The brief continues, “Amici take no position in this brief on what the law of patentable subject matter requires, or on whether software should be patentable. But some have suggested to this Court that software patents are necessary to support innovation. They are not. The undersigned believe that innovation happens despite software patents, not because of them.”

IBM takes a different view, stating in its brief, “Software is not a new technology. It has been around in various forms for well over half a century. During that time, it has become one of the fundamental building blocks of innovation and technological advancement, and a critical part of our nation’s economy. Software is the medium for innovation in every field, from automobiles to manufacturing to medicine. The fact that the Court is now—in 2014—actively considering such a basic question as whether computer-implemented inventions such as software are even eligible for patent protection is deeply troubling.”

The brief does suggest that software patents may fail the test of obviousness, stating, “The test for whether a patent is invalid for obviousness under § 103 is clear and easy to apply.” The brief concludes, “For all these reasons, this Court should hold that computer-implemented invention ns such as software constitute patent-eligible subject matter under 35 U.S.C. § 101, and that potential patentability problems with such inventions should be addressed under the other requirements of the patent statute….”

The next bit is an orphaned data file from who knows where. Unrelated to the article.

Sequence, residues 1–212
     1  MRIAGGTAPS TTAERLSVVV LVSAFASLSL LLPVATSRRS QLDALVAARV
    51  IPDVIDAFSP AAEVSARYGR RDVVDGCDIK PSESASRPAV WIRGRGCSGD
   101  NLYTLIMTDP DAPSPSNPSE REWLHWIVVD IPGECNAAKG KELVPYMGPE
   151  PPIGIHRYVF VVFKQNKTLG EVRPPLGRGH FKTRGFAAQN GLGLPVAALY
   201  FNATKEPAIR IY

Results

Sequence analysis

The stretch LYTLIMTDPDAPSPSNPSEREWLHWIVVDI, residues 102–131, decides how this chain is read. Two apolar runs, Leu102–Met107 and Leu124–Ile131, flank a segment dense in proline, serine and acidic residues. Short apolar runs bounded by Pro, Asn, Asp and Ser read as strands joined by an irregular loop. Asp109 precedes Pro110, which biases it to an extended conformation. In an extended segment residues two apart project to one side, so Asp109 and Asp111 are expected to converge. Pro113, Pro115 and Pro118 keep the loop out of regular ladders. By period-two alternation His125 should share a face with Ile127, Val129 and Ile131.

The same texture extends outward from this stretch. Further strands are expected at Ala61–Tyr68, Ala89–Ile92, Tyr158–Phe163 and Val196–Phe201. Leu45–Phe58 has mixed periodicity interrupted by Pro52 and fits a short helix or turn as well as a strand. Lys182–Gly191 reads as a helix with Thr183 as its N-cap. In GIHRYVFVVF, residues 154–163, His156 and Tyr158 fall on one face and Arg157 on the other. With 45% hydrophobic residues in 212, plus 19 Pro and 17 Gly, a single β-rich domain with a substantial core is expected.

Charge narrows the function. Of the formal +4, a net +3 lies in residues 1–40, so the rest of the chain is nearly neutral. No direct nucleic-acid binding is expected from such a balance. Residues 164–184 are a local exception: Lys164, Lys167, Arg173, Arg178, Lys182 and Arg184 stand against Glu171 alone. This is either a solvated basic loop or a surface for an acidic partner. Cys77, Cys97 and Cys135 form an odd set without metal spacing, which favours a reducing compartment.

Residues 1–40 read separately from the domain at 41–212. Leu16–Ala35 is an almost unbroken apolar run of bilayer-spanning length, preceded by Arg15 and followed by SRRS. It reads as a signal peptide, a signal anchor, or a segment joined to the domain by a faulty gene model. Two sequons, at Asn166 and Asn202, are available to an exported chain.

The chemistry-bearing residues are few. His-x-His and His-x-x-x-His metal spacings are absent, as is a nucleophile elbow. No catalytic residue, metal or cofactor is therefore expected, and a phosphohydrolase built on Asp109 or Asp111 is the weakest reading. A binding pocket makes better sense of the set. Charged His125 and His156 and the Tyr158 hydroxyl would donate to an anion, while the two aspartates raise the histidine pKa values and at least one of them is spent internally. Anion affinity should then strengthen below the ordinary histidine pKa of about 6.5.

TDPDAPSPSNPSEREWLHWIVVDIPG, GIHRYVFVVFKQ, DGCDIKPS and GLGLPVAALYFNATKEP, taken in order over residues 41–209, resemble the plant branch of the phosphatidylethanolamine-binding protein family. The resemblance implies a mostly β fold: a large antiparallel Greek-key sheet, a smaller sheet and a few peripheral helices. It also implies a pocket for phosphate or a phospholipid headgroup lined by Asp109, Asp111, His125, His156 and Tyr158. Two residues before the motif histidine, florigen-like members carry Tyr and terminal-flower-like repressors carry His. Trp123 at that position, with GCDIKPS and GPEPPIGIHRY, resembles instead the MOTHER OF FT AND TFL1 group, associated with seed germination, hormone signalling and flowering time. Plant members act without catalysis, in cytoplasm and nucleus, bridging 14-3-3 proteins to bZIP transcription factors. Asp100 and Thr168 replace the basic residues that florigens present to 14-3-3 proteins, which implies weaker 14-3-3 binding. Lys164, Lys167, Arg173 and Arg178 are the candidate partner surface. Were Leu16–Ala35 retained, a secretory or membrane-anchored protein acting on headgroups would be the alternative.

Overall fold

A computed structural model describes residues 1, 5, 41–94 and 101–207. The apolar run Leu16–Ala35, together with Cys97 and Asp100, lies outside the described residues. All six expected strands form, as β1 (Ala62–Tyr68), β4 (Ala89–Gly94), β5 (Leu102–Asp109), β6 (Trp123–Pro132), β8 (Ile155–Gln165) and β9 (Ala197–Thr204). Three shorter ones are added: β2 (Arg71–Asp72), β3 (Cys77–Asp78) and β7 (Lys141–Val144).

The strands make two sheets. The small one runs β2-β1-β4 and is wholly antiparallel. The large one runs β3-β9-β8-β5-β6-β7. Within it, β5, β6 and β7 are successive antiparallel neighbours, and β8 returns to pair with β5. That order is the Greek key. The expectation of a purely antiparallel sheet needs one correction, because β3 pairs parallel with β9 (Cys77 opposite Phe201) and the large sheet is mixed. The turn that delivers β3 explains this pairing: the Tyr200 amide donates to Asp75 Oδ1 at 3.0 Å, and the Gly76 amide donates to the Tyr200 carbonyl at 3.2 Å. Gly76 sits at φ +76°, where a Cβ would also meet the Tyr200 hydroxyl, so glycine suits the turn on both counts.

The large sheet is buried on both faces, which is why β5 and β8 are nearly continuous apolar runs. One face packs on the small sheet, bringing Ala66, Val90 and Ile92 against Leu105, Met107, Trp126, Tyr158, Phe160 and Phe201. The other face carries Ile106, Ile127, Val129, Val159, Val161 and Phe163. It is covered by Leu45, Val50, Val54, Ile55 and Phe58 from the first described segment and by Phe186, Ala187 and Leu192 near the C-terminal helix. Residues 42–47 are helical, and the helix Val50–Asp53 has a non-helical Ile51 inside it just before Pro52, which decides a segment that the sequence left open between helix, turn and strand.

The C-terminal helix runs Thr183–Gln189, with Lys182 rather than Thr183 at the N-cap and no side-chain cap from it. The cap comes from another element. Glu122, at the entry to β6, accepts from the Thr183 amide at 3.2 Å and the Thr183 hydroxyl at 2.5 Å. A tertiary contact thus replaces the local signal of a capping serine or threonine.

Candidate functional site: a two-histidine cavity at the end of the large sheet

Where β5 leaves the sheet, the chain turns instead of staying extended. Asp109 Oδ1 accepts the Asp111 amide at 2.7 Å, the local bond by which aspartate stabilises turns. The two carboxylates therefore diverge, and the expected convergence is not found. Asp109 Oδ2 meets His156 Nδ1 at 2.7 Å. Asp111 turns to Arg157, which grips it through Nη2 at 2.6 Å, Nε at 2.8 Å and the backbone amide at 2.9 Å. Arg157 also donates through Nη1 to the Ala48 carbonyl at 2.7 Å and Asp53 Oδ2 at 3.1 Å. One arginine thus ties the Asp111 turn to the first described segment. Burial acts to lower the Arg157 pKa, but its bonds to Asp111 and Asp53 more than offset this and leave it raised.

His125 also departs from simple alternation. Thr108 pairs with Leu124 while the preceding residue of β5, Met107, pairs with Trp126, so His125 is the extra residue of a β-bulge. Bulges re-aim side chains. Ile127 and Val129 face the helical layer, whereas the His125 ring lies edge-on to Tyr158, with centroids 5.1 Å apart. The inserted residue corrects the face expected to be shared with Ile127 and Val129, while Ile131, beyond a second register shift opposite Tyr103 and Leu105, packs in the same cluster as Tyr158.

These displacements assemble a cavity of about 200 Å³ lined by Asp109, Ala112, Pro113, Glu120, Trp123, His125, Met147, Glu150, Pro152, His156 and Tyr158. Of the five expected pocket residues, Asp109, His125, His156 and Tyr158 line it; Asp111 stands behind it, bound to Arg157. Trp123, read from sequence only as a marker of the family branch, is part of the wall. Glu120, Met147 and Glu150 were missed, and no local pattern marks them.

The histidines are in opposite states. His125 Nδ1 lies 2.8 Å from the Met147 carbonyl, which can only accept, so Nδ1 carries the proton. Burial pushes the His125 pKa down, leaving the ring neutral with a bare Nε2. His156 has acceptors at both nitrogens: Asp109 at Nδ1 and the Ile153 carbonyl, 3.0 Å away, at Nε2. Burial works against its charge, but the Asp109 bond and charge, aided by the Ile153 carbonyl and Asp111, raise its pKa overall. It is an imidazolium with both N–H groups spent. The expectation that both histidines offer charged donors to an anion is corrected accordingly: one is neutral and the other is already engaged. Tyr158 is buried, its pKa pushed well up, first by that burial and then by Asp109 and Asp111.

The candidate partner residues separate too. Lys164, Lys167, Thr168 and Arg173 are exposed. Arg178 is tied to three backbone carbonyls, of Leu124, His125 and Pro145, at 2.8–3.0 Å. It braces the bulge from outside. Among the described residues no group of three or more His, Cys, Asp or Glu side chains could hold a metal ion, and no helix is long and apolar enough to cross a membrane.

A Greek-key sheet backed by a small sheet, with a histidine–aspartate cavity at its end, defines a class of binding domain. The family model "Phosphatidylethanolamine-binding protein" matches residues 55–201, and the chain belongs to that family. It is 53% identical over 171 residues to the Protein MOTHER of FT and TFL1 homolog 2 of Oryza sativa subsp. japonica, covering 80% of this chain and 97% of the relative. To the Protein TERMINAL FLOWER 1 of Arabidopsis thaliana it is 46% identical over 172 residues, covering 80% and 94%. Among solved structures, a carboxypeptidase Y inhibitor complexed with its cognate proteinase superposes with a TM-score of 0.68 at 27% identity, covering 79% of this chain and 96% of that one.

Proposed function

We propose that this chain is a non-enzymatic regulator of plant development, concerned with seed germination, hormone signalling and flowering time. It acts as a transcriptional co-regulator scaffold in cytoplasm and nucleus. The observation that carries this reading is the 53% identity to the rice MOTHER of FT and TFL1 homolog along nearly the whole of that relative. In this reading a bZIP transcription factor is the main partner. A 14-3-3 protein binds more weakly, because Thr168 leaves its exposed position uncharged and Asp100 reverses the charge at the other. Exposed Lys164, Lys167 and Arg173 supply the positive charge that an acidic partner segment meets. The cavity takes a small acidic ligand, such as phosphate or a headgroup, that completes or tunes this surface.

The IEEE-USA agrees at least in part with IBM and has submitted a brief (in support of neither party) that contends, “The execution of software depends on real, physics-based, processes.” The brief goes on to state, “Our 21st century economy depends on software-implemented systems. The Court must protect the public’s settled expectation that nearly 1 million patents on such systems, particularly those that protect large investments in system development, will remain valid.”

The IEEE brief is an interesting read. It tutors the Court on topics ranging from the binary number system to microprocessors and hard drives. It goes so far as to suggest that if software patent protection is weakened, engineers will hide their innovations within FPGAs—”even at a loss of design flexibility or system performance.” (I'll grant the former but question the latter.)